Cardiovascular disease accounts for most NCD deaths, or 17.9 million people annually, followed by cancers, chronic respiratory diseases, and diabetes. NCDs threaten progress towards the 2030 Agenda for Sustainable Development, which includes a target of reducing the probability of death from any of the four main NCDs between ages 30 and 70 years by one third by 2030. The rapid rise in NCDs is predicted to impede poverty reduction initiatives in the WHO AFRO Region countries, particularly by increasing household costs associated with health care. Vulnerable and socially disadvantaged people get sicker and die sooner than people in higher socioeconomic groups, because they are at greater risk of being exposed to harmful products, such as tobacco, or unhealthy dietary practices, and have limited access to health services.

The African region experiences a high burden of NCDs, mainly cardiovascular diseases (heart disease and strokes), cancer, diabetes, chronic respiratory diseases, and poor mental health. The countries with the highest age-standardized death rates were in the Southern Africa region (Lesotho, Eswatini, Mozambique, Zimbabwe and Botswana) with only the Central African Republic in the top six countries outside this region. It is estimated that each year, more than 1.6 million people between the age of 30 years and 70 years die prematurely from at least one of the four major NCDs in the African Region, representing 63% of all NCD-related deaths. Cardiovascular diseases, cancers, diabetes mellitus and chronic respiratory diseases account for over 70% of these deaths.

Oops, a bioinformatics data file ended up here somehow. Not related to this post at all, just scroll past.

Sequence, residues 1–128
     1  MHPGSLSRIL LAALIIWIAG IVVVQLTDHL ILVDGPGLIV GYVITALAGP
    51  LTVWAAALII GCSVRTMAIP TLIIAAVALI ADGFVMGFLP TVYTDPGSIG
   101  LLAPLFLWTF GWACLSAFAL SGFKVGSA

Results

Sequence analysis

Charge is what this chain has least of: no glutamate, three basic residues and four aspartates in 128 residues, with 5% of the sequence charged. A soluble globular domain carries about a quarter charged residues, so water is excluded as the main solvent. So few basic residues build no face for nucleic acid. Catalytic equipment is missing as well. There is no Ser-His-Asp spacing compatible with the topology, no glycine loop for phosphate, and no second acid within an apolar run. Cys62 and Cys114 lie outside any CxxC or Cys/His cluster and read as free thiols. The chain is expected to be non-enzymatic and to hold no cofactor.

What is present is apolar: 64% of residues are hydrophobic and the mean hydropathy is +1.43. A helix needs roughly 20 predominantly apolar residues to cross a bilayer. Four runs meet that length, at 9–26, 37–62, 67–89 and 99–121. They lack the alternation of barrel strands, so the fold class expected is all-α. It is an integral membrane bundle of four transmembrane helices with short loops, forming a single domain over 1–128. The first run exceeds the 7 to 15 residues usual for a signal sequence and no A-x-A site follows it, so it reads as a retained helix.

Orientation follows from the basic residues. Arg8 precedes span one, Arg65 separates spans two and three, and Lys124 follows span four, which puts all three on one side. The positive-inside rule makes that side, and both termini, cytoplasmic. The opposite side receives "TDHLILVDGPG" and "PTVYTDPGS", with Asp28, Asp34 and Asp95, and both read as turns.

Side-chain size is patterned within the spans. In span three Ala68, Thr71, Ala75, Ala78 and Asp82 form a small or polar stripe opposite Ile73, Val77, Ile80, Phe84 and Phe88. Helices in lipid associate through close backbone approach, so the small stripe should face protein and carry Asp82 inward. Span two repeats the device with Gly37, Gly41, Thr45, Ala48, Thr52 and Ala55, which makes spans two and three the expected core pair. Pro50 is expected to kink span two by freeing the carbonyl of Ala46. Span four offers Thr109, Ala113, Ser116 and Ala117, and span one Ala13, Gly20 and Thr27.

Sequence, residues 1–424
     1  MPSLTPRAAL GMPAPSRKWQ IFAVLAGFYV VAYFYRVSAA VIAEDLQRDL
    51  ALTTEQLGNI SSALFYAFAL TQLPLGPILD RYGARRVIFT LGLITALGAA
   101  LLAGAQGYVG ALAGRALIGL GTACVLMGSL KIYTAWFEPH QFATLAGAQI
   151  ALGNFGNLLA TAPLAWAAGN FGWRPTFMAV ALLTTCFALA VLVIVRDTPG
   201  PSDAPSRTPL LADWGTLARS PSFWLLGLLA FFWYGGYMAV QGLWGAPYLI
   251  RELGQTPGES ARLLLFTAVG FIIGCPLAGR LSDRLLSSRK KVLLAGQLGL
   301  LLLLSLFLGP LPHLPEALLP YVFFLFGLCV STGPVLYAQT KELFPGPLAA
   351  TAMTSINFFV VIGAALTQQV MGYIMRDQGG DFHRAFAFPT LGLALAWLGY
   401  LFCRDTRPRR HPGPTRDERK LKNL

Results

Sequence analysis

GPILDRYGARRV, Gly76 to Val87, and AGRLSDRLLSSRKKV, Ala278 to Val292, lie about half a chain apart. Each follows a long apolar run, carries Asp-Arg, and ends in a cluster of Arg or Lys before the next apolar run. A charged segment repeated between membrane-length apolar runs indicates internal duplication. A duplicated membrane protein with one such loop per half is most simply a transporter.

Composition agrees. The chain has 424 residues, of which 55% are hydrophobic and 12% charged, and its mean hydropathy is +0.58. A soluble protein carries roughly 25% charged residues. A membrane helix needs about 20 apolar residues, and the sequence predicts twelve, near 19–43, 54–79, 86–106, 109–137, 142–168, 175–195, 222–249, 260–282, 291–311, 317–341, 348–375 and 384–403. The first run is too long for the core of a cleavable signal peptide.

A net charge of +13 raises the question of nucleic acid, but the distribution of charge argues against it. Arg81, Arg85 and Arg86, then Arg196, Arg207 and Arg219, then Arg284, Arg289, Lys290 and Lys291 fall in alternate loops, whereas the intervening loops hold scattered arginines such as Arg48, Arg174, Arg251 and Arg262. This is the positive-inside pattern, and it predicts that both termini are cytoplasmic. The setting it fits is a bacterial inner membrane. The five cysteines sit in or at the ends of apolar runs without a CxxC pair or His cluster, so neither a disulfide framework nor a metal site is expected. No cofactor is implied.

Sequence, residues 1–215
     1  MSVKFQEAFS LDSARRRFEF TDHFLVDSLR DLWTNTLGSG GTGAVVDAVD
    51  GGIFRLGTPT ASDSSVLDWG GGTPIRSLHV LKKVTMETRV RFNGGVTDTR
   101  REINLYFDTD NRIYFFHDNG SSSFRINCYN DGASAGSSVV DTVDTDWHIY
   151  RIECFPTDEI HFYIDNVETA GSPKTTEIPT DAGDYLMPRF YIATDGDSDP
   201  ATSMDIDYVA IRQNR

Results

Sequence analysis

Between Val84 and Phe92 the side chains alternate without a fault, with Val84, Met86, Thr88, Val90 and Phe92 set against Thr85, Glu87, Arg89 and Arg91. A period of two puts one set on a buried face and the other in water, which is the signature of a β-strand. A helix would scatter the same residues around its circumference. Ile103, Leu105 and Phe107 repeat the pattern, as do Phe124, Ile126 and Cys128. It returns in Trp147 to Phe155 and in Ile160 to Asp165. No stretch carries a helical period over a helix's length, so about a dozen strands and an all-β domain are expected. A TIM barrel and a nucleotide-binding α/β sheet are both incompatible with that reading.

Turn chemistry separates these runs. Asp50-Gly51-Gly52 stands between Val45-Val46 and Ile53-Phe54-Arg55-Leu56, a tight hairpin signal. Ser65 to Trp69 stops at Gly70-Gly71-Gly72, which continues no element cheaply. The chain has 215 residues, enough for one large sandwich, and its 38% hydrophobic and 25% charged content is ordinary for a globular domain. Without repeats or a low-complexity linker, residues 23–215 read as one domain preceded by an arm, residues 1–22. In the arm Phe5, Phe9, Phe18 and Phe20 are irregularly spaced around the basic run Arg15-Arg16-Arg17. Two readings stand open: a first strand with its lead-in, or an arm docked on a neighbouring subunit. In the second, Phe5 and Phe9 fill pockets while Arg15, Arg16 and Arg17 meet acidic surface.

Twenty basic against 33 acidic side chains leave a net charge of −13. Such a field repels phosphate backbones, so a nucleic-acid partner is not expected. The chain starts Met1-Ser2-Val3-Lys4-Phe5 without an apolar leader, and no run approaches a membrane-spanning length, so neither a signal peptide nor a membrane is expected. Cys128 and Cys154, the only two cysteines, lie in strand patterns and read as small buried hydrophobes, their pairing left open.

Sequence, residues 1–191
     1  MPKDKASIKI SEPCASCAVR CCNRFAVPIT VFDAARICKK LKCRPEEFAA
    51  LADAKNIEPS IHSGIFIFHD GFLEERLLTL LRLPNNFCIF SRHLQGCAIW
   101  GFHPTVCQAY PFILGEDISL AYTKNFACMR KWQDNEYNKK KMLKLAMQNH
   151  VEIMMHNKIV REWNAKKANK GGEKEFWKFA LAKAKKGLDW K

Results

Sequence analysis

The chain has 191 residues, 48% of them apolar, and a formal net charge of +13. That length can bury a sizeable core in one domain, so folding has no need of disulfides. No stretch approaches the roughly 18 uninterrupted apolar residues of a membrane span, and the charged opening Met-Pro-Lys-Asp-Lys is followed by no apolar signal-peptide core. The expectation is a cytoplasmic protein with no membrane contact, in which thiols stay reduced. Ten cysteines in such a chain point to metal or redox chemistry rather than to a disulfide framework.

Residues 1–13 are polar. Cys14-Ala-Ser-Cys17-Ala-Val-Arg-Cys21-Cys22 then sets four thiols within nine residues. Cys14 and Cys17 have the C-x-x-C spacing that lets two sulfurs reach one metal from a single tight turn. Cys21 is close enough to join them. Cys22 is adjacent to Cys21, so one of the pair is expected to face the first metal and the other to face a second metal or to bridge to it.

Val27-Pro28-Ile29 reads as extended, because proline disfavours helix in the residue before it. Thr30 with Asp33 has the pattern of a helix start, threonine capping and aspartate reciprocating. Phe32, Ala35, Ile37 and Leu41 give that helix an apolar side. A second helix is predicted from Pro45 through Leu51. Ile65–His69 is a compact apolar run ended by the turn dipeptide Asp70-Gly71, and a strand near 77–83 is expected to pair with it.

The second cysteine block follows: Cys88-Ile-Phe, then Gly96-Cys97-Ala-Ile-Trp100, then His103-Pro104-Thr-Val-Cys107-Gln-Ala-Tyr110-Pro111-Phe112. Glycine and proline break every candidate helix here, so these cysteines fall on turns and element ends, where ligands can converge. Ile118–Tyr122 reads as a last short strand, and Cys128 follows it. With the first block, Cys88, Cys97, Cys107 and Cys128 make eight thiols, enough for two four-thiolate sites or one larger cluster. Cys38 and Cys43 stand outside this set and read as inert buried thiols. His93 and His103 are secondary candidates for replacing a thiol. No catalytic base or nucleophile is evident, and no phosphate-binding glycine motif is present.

The HSFSA is particularly concerned with the Sustainable Development Goal (SDG) three (3) which speaks to Good Health and Well-Being.

The rapid rise in NCDs is predicted to impede poverty reduction initiatives in the WHO AFRO Region countries, particularly by increasing household costs associated with health care. Vulnerable and socially disadvantaged people get sicker and die sooner than people in higher socioeconomic groups, because they are at greater risk of being exposed to harmful products, such as tobacco, or unhealthy dietary practices, and have limited access to health services.

Every day, 225 South Africans die from heart disease and strokes. Rapid urbanization in South Africa has seen a change in food consumption patterns where people are consuming more kilojoules, sugary beverages, processed food, and fewer fruit and vegetables. This in combination with other rising CVD risk factors such as physical inactivity and tobacco smoking, has resulted in a steady increase in deaths due to CVD in recent years. CVD places additional pressure on an already heavily-burdened healthcare system and impacts the livelihood of many South African households.